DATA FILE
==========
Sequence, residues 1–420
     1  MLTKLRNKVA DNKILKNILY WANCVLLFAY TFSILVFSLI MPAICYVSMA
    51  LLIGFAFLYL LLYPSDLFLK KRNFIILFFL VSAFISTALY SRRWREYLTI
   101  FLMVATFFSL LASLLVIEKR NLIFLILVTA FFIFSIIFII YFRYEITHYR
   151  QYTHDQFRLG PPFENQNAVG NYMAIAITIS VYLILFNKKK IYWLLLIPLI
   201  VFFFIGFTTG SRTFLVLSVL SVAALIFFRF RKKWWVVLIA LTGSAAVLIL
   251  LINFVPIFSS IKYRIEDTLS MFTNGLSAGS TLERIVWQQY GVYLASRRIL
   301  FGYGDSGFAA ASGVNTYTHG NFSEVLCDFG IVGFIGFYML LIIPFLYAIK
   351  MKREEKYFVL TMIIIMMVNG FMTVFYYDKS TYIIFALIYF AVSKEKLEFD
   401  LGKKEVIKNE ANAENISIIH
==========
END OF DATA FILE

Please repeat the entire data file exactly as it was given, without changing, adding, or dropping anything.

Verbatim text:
Sequence, residues 1–420
     1  MLTKLRNKVA DNKILKNILY WANCVLLFAY TFSILVFSLI MPAICYVSMA
    51  LLIGFAFLYL LLYPSDLFLK KRNFIILFFL VSAFISTALY SRRWREYLTI
   101  FLMVATFFSL LASLLVIEKR NLIFLILVTA FFIFSIIFII YFRYEITHYR
   151  QYTHDQFRLG PPFENQNAVG NYMAIAITIS VYLILFNKKK IYWLLLIPLI
   201  VFFFIGFTTG SRTFLVLSVL SVAALIFFRF RKKWWVVLIA LTGSAAVLIL
   251  LINFVPIFSS IKYRIEDTLS MFTNGLSAGS TLERIVWQQY GVYLASRRIL
   301  FGYGDSGFAA ASGVNTYTHG NFSEVLCDFG IVGFIGFYML LIIPFLYAIK
   351  MKREEKYFVL TMIIIMMVNG FMTVFYYDKS TYIIFALIYF AVSKEKLEFD
   401  LGKKEVIKNE ANAENISIIH